Just because you’re paying $300 a month for lightning-fast Internet speeds doesn’t mean you’re guaranteed to move at full speed all the time. Think of it like driving on a highway. Your speed limit is 75mph. Your car can go 250mph, and you just left work during rush hour. Even though you have the equipment and bandwidth to go fast, you can’t go faster than the traffic that’s moving at 35mph. With the Internet, you have similar problems.
Determining file transfer time under ideal conditions
Let’s say that you’re sending a 10GB file in the middle of the night, and there is no Internet traffic of any kind. Your upload speed from your Internet service is 20Mbps (Megabits per second). So assuming that conditions are perfect, your file transfer should be done in about 1 hour and 6 minutes, right? Here’s how to calculate it:
- Convert 10 Gigabytes to Megabits = 80,000 Megabits (Convert your file size on Google here)
- 80,000 Megabits / 20 Megabits per second = 4,000 seconds
- 4,000 seconds to hours = 1 hour and 6 minutes
Why are services like Dropbox and WeTransfer telling you that it’s going to take more than 4 hours to transfer? Good question! Here are some factors to consider:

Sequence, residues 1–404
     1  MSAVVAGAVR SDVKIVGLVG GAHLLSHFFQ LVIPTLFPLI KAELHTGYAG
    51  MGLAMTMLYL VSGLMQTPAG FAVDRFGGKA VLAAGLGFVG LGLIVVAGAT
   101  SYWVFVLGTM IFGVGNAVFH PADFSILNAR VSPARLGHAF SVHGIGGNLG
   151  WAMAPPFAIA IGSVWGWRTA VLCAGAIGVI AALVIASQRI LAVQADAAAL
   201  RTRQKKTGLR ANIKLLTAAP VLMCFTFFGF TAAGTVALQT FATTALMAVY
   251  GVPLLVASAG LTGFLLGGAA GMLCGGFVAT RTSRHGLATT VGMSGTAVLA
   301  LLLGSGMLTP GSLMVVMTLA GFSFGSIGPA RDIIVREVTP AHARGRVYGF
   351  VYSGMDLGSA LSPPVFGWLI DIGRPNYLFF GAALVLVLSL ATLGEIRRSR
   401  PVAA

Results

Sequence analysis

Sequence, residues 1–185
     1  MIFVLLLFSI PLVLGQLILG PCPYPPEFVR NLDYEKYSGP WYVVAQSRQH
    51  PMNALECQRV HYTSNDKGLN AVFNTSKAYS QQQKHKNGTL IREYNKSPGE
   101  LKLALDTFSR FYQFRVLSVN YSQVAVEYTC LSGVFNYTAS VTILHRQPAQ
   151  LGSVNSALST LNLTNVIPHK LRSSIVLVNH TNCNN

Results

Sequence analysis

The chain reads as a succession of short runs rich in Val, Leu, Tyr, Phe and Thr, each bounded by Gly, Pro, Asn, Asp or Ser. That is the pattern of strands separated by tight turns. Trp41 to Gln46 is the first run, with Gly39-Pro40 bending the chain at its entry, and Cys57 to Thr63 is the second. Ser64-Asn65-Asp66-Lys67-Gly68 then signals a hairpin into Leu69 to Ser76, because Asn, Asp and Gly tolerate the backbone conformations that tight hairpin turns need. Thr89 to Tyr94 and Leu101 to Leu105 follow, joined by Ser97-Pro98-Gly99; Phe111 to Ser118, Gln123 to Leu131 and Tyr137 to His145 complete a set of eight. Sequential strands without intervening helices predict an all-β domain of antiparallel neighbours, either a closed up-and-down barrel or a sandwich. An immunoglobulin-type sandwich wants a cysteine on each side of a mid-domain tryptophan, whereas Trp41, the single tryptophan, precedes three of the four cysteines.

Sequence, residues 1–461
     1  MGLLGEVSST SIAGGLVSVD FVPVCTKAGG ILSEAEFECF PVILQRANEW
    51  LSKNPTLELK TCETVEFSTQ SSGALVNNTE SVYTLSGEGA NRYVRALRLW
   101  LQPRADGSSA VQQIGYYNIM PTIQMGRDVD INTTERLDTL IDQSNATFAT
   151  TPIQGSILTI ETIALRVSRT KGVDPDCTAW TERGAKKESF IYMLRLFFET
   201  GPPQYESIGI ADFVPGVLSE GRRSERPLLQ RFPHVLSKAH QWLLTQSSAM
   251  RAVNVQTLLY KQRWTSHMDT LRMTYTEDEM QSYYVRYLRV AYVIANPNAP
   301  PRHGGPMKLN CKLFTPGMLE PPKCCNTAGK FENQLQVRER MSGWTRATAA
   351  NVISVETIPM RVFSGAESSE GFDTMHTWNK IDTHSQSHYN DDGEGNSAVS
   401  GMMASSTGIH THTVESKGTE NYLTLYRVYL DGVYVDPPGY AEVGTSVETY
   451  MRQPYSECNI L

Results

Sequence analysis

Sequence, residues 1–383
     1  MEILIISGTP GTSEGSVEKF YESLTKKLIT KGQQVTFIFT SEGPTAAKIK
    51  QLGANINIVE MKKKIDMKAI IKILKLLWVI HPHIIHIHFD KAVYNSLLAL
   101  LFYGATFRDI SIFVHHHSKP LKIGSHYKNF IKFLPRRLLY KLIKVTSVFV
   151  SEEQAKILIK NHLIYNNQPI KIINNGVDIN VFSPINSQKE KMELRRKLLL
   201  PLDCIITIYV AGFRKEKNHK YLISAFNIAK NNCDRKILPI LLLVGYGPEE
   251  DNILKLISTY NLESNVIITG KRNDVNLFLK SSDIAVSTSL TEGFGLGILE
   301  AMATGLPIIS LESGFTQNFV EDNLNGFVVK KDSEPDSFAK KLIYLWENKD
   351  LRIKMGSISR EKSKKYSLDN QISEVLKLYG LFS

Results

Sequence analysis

Are you hard-wired or wireless?
Wireless connections are less reliable than hard-wired connections. By their nature, wireless signals are weak or strong or unstable. Hardwired is the way to go. An Ethernet cable connecting your computer directly to the router will give you a reliable connection to the Internet.
Are the files that you’re sharing stored locally or on an external hard drive?
This is one of the factors that our clients encounter the most. When you’re sharing or syncing any file from an external hard drive to the cloud, the speed of transfer is only as fast as the weakest link. In this scenario, you would need to check the speed at which files are transferred from the drive to the computer before you could consider the speed between the computer and the cloud.
Above all, what is the technology designed to do?
The technology’s design is the biggest determinant of what it can do. If the purpose of the service that you’re using is to back up files, chances are that it’s designed to move slowly. But if you’re using a service that’s designed to move large files from point A to B, then it will move faster than any other back-up service.
There are several other variables regarding why your file transfer is moving slowly, which can be determined on a case-by-case basis. You can start to gauge whether you’re utilizing all your available bandwidth by taking a speed test at SpeedTest.net. Once you have your bandwidth speed, you can calculate how long a transfer should take and compare it with the time estimate that the file transfer service is giving you. If you’re tired of finding a way to make it faster, give eSecureSend a try. We promise to use all the bandwidth you have available so that your file transfer goes at maximum speed.